After the Patriots’ AFC Championship Game victory in January 2015, Mortensen tweeted information he said he received from a source that has long since been proven incorrect. The info - that 11 of 12 Patriots footballs in the game were underinflated by 2 pounds - remained uncorrected on Twitter and in an story for more than six months.  

The controversy over Mortensen’s reporting drew the ire of Patriots fans, many of whom blamed the tweet and his story for fanning the flames of what eventually led to a four-game suspension for Tom Brady and a $1 million fine and loss of draft picks for the Patriots. 

Mortensen, who has subsequently undergone treatment for cancer, told The Ringer’s Bryan Curtis that the threats led him to tell his wife Micki that he didn’t want her traveling with him from their home in Arkansas to Bristol, Connecticut when he did studio work for ESPN. 

“What bothered me is we’re in an era where if your wife goes onto social media, she basically reads that they want you to die,” Mortensen said. “Even after I got cancer, I got some death wishes.”

More from the Ringer story:

“My job is to protect her,” he said. When Mort himself came to Bristol, he behaved like someone who was living under a public threat. He went straight from the ESPN studio to his home, avoiding restaurants and rarely appearing in public.

Mortensen said after his initial tweet, a second source, with whom he had a better relationship, told him to used a broader description of the footballs, i.e. call them “significantly underinflated.”  Mortensen now acknowledges that information should have given him pause.

“That should have raised the journalist in me to a higher level,” he told the Ringer. “I’ve got to ask some more questions here. What are we talking about, 2 pounds under? But, no, I got to get on TV.”

Thursday's Patriots-Bills practice participation/report: Edelman still limited


Thursday's Patriots-Bills practice participation/report: Edelman still limited

FOXBORO -- Even though Dion Lewis returned to practice on Thursday, there were no changes to the Patriots injury report.

Because Lewis remains on the physically unable to perform list, he does not count against the active roster, and the team is not required to list his participation level following practices. The Patriots have three weeks to activate Lewis, and whenever they do, he'll be eligible to show up on the participation report.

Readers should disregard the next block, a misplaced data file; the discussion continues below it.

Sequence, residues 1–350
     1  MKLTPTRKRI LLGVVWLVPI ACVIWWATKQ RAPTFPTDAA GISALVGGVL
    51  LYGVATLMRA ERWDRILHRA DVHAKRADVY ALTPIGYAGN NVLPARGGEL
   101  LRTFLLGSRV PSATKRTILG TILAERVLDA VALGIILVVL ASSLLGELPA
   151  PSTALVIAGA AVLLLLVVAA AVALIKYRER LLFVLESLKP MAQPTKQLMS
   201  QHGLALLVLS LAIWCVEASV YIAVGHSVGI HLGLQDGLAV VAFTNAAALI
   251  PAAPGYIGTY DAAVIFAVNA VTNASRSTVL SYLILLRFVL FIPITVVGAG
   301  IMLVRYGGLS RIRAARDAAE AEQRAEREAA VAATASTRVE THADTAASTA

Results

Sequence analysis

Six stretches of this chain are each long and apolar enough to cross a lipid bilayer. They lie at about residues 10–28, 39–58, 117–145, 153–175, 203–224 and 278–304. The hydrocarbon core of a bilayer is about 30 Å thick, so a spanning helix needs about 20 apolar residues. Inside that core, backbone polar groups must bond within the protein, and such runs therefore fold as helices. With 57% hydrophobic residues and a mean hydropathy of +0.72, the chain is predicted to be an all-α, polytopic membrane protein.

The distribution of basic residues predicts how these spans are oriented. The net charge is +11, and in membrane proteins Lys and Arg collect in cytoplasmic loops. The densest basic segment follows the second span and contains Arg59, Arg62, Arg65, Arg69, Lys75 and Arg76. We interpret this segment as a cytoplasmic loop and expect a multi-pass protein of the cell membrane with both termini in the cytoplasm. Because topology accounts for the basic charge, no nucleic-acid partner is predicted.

There were no changes to New England's injury report, meaning that tight end Martellus Bennett, receiver Julian Edelman and linebacker Jamie Collins all continue to be limited. Edelman has been limited with a foot injury since before his team's Week 6 matchup with the Browns. Despite just nine catches for 65 yards in Tom Brady's first two games back from suspension, Edelman bounced back against the Steelers and reeled in nine passes for 60 yards.

The Bills continue to be hampered by a variety of ailments. Linebacker Zach Brown, who almost single-handedly ruined Patriots plans back in Week 4, missed Thursday's workout with an illness, as did guard Richie Incognito. Running back LeSean McCoy missed practice for the second straight day with a hamstring injury, and receiver Marquis Goodwin was out with a concussion. 

Here's Thursday's full practice participation/injury report for the Patriots and Bills:


TE Martellus Bennett (ankle)
RB Brandon Bolden (knee)
LB Jamie Collins (hip)
WR Julian Edelman (foot)
DL Woodrow Hamilton (shoulder)
LB Shea McClellin (concussion)
WR Malcolm Mitchell (hamstring)
LB Elandon Roberts (ankle)
DL Vincent Valentine (back)


LB Zach Brown (illness)
TE Cordy Glenn (ankle)
WR Marquise Goodwin (concussion)
G Richie Incognito (illness)
RB LeSean McCoy (hamstring)
S Aaron Williams (neck)

DT Corbin Bryan (shoulder)
TE Charles Clay (knee)
DT Marcell Dareus (hamstring)
RB Mike Gillislee (foot)
LB Jerry Hughes (hand)
LB Lerentee McCray (knee)
G John Miller (shoulder)
WR Robert Woods (foot)

T Seantreal Henderson (back)

LB Lorenzo Alexander (non-injury related)
DT Adolphus Washington (illness)